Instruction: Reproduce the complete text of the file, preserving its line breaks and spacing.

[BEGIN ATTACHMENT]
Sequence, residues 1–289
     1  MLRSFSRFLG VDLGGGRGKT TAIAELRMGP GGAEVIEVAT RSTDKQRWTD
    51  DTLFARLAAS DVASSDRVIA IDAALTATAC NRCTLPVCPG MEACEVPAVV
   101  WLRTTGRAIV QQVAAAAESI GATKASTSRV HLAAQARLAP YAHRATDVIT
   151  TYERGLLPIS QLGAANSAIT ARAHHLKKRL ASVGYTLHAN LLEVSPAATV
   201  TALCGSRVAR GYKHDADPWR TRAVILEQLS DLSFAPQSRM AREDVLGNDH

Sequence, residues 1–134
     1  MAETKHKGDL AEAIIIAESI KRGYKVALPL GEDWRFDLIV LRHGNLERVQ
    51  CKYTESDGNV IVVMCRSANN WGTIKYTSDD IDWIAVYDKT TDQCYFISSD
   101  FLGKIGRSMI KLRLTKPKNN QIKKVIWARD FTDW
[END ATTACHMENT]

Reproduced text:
Sequence, residues 1–289
     1  MLRSFSRFLG VDLGGGRGKT TAIAELRMGP GGAEVIEVAT RSTDKQRWTD
    51  DTLFARLAAS DVASSDRVIA IDAALTATAC NRCTLPVCPG MEACEVPAVV
   101  WLRTTGRAIV QQVAAAAESI GATKASTSRV HLAAQARLAP YAHRATDVIT
   151  TYERGLLPIS QLGAANSAIT ARAHHLKKRL ASVGYTLHAN LLEVSPAATV
   201  TALCGSRVAR GYKHDADPWR TRAVILEQLS DLSFAPQSRM AREDVLGNDH

Sequence, residues 1–134
     1  MAETKHKGDL AEAIIIAESI KRGYKVALPL GEDWRFDLIV LRHGNLERVQ
    51  CKYTESDGNV IVVMCRSANN WGTIKYTSDD IDWIAVYDKT TDQCYFISSD
   101  FLGKIGRSMI KLRLTKPKNN QIKKVIWARD FTDW